Here is a nice listing of all of the titles used by the followers to describe Her in ancient times.
The Temple of Artemis in Ephesus was not, by any means, the only Temple of Artemis. Here is a photo from the Temple of Artemis in Jerash, Jordan. (photo credit, Maggie Froelich)
Because I am graduating in a couple of days, I now hope to have more time to keep this blog updated. I’m starting with a complete makeover! Yes, I know… you can’t actually read a lot of the posts yet. I’m working to fix that. But, stay tuned! There is a lot of “Artemis Stuff” that I have saved up, and will be posting soon!
In the iconography, god and animal are intimately associated: the bull appears with Zeus, the bull or horse with Poseidon, the ram or he-goat with Hermes, the stag or roe with Apollo and Artemis… Many of these figures represent in turn the favoured sacrificial victims of the god: bulls for Zeus and Poseidon, stags and goats for Artemis and Apollo, rams and he-goats for Hermes, and doves for Aphrodite…. Following a custom which stretches back to Çatal Hüyük and beyond, horns, especially bull skulls with horns, bucrania, are raised up and preserved in the sanctuary, they mark the site of sacrifice as eloquently as the stains of blood on the altar. The Horn Altar of Artemis on Delos, which was made from goat horns, was famed as one of the wonders of the world.
~Greek Religion, Walter Burkert 1985 (p.65)
The Argives fetch fire for their celebrations in Lerna from the distant sanctuary of Artemis Pyronia…
…And yet the cult of Artemis Laphria comes from Calydon, where the cult place existed in Geometric times with the earliest temples being built in the seventh century. The myth associated with her cult is older still; the Illiad tells of the anger of Artemis which led to the Calydonian boar hunt and finally the death of Meleagros; he died, according to the original, pre-Iliadic version, when his mother Althaea placed back on the fire a log which had been torn from the fire at his birth: a reflex of a sacrifice through destruction by fire. Clearly related are the Elaphebolia of Artemis of Hyampolis and the festival of the Kouretes in Messene.
~Greek Religion, Walter Burkert, 1985 (p.61-62)
More on Artemisia vulgaris!
Originally posted on Adventures and Musings of an Arch Druidess:
I wrote about Mugwort as a magical herb on my kid’s blog. However I did not recommend using it internally. I have personal experience in that and unless you want your head blown off I really don’t recommend taking it internally. Incense is a better bet. Especially if you have no idea how open you are to otherside visitors and depending on the time of year.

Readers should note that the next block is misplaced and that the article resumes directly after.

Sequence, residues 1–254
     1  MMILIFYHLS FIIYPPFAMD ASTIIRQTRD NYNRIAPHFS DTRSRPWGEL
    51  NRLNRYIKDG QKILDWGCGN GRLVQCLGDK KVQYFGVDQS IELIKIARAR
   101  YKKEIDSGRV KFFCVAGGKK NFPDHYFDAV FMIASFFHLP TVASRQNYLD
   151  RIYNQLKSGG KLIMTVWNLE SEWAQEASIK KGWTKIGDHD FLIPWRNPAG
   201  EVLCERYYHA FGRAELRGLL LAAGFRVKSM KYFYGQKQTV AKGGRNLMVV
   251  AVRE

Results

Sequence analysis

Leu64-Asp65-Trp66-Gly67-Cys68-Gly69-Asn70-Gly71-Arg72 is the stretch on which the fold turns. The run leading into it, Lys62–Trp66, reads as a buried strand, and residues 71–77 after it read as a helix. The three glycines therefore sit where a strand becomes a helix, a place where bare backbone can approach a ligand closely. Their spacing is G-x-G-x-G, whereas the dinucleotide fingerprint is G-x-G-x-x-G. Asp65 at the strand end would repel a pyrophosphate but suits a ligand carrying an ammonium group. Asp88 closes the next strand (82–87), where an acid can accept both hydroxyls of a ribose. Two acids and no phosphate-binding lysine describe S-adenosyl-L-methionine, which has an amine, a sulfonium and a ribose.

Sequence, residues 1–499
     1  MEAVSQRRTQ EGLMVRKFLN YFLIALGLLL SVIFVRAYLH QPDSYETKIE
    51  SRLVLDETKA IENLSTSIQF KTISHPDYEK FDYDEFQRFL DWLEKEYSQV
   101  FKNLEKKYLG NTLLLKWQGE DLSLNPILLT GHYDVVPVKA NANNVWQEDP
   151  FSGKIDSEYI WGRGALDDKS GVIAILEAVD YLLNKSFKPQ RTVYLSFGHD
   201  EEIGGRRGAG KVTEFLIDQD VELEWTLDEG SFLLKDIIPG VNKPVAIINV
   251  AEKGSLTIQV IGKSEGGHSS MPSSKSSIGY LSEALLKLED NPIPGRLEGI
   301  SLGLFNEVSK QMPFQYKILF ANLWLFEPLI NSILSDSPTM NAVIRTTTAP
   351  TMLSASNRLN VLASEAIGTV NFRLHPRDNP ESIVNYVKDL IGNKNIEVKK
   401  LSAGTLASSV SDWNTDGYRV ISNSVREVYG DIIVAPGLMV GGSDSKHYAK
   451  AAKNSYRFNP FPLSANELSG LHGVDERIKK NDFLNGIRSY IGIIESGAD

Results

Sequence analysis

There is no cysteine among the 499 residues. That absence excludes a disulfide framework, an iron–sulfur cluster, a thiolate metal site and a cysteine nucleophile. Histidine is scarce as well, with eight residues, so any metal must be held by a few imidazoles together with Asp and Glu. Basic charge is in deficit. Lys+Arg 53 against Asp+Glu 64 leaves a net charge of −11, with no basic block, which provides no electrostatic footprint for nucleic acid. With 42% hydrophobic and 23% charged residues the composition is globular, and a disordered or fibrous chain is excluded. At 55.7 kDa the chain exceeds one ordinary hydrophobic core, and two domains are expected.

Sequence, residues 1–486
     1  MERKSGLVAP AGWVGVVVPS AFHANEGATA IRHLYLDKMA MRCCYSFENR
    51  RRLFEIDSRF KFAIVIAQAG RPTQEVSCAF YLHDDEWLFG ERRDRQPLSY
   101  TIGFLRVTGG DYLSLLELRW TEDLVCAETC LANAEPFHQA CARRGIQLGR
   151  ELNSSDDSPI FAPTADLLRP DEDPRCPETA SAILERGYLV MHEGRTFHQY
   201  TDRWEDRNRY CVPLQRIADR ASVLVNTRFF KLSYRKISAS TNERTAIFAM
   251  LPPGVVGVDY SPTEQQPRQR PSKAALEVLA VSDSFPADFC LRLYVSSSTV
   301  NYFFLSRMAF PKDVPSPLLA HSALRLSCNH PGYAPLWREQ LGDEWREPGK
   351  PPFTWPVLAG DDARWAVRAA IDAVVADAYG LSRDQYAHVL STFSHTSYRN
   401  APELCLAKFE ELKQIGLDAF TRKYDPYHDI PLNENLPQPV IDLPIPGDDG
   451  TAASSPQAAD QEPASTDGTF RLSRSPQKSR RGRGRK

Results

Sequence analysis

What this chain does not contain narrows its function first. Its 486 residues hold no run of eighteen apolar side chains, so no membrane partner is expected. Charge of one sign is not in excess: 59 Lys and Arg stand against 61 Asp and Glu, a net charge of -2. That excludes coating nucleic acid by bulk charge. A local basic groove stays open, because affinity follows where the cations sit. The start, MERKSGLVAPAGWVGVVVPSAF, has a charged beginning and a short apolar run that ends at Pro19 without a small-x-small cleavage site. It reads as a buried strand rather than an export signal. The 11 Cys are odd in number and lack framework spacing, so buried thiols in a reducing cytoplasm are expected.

When I was learning Haedery, (A form of Scottish traditional witchcraft) we had a Samhain ritual that was amazing however, I forgot what a strong medium I can be when someone wants to make contact and we all took mugwort tea during ritual. And then someone blew the doors off. A very, very, very upset person who only spoke very archaic Gaelic. Someone whose energy was verging on deity status. I thought my head was going to explode from the inside out. Someone no…
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Originally posted on The Littlest Druid:
This is mugwort. Used for helping to gain a light trance state. Good for divination and psychic work. Bitter when used as a tea. Do not use internally unless you are over 18 and have someone with you. Incense is better. Medicinal uses: Great for remedying insect bites and stings. Can be crushed and applied straight to bite. Since it can grow intertwined with nettles it’s goid to know it’s the antidote to that too.
SATURDAY, June 23, 2012
10AM to 4PM
JOIN LONG BEACH WOMANSPIRIT
AT ITS SUMMER SOLSTICE FAIRE!
Goddess Crafts! Entertainment! Vendor Raffle!
Come bask in the Goddess Energy
generated by all participants!
Meet old friends and make new ones!
$5 donation (includes one raffle ticket)
UNITARIAN UNIVERSALIST CHURCH OF LONG BEACH
(just west of Bellflower Blvd,
between 405 Freeway and 7th Street)
Isn’t that cool? I love the Vagina Monologues. The first time I saw it was at the Claremont School of Theology. The Vagina Monologues are a contextual performance piece. Where it is performed is just as important as the performance itself.
The exact thing that Lisa Brown said that started off this firestorm was, “Finally, Mr. Speaker, I’m flattered that you’re all so interested in my vagina, but ‘no’ means ‘no,'”